“Same I told mine when veteran’s benefits got stripped,” I replied, my gaze still on the bottles lined up along the shelves behind the bar. I knew I’d find his face as broken as mine had been in the beginning, and I couldn’t bear to face it straight on, cowardly as that probably was. “Tell her you love her. Tell her she deserves better, and you’re sorry it happened.”

“Dad got laid off more than two months ago. I don’t know what’s going to happen if… fuck, I don’t know.”

I thought about that for a moment, and I pictured Danny’s family in my mind. His mother’s friendly, open smile. His father’s kind eyes and weathered hands. Slowly, the mental image morphed to look like my own family. I thought about my parents in their dress blues, perfect postures, and the proud angles with which they both held themselves.

“You know what I thought at first?”

Danny turned to face me.

“I thought… what do these clowns even need an opposition party for? An administration like that will discredit themselves just fine on their own.”

Danny nodded solemnly.

“The healthcare reform was one thing – as much as we hated it, we all expected it. But then… that entire first week it just kept tumbling. The employment holds, the gag orders, the suspensions, the budget cuts. He hadn’t even been in office a week and his executive orders were already in the double digits, and there was so much resistance. All those marches, all the protests. I had so much faith in us. That we’d get through to Congress and they’d help us end it. I thought there was no way he’d keep it up.”

The lump that had formed on my elbow where Danny had hit me with the cart throbbed as I spoke.

“I don’t know a single person I went to school with who hasn’t had to pick up second and third jobs in the past ten months,” I said. “Half my friends have fled the country and so many others now have marriage licenses no one will recognize as valid anymore. My brother will probably never finish college now. The world’s biggest con artist silenced every scientist who ever made a damn bit of sense and now he’s strangled the artists. It’s not like we don’t fight back. We fight back. But God, it’s… fucking exhausting.”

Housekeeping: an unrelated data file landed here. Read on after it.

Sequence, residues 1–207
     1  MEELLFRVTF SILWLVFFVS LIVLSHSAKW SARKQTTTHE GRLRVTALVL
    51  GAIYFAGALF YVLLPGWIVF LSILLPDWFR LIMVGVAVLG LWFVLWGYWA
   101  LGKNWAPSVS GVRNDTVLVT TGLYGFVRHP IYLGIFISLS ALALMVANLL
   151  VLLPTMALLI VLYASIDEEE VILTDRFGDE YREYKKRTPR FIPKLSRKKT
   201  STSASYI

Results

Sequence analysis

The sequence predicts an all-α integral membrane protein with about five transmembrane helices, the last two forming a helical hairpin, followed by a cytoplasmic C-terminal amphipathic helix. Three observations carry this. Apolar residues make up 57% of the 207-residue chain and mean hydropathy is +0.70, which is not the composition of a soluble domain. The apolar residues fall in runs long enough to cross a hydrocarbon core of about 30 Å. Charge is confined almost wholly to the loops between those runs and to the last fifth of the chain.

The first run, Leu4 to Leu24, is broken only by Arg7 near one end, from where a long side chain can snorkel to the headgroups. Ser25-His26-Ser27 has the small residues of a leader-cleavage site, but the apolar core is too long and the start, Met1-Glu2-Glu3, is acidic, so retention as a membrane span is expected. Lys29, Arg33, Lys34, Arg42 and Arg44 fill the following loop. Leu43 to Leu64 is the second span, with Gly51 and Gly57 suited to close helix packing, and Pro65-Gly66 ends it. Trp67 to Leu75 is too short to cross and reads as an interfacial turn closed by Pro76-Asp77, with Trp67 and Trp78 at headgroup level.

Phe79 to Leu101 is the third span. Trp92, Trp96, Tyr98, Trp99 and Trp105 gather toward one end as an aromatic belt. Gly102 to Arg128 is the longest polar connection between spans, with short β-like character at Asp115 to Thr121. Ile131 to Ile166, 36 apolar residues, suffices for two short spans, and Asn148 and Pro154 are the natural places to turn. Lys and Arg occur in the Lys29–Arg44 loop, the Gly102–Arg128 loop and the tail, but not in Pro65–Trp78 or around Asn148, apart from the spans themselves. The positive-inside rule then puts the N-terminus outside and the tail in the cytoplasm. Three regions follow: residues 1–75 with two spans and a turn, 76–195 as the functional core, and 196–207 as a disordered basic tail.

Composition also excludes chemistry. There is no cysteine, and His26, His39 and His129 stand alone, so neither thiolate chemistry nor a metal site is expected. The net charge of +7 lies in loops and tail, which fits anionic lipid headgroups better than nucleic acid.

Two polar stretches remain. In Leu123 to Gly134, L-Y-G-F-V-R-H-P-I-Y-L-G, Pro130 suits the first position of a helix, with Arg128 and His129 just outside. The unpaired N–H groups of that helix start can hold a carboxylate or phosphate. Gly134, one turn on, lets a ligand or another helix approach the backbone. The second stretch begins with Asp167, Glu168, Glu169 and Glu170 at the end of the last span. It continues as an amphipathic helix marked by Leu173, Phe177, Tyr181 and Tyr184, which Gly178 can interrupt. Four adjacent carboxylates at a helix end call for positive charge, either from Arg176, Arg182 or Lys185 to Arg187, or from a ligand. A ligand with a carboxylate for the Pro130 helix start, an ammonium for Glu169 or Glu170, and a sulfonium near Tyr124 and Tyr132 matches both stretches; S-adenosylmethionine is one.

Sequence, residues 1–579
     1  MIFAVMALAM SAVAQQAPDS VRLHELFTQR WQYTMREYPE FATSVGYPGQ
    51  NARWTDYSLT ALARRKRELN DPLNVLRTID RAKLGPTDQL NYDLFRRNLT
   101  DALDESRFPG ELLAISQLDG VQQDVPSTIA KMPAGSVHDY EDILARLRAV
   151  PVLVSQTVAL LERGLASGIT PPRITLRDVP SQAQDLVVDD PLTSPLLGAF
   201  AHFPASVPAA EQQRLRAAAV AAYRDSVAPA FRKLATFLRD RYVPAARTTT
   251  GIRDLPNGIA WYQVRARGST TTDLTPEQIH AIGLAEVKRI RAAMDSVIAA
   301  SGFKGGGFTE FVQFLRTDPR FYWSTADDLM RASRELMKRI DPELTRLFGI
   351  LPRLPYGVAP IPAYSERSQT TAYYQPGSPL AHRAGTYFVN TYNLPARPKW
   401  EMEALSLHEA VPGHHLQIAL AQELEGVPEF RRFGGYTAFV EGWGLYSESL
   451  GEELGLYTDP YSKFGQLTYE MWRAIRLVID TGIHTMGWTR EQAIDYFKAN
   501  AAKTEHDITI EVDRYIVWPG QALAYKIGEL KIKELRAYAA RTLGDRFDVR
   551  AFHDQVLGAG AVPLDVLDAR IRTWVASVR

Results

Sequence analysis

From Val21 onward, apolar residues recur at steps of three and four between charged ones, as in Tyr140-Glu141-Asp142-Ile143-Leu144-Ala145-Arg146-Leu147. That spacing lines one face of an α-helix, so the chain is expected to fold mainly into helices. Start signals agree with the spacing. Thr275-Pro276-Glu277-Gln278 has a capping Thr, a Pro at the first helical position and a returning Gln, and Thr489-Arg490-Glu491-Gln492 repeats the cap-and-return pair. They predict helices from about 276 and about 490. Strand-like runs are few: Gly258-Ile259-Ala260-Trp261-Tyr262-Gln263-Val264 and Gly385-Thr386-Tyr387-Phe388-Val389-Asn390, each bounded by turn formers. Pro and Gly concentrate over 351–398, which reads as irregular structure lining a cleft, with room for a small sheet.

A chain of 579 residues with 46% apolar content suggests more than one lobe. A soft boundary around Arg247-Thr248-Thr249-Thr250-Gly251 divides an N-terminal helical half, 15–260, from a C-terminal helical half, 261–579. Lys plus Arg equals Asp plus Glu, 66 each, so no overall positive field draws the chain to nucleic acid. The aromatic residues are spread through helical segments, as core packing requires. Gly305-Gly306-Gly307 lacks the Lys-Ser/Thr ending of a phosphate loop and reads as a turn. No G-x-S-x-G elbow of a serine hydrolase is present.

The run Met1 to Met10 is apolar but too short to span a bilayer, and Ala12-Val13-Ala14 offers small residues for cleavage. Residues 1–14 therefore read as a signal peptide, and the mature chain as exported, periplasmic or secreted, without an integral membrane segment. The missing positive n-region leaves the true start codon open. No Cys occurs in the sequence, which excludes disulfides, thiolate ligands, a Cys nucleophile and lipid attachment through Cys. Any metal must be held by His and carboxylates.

Our shared tray of greasy fried food found its way between us on the bar and I picked at a mozzarella stick.

“If your brother needs a place to stay, he can crash at my place,” Danny offered, staring blankly at our food.

“I’ll ask him.”



“What happens when the studio gets shut down?”

A zinging pain shot through me at the thought. I’d put my heart, soul, and every dime I had into that place, and panic had crossed my mind more than once about what would become of it if the witless wonder of the White House ever found a way to dig his claws into it.

“We don’t have to worry about that yet. Worry about the people who are already hurt.”

“You think we’re not hurting?”

Pain spread through me, radiating from my bruised elbow to the rest of my body, gripping my heart and snaking its way up through my spine and into my head.

“Not yet,” I told him, taking another swig of my beer. “We’re fine.”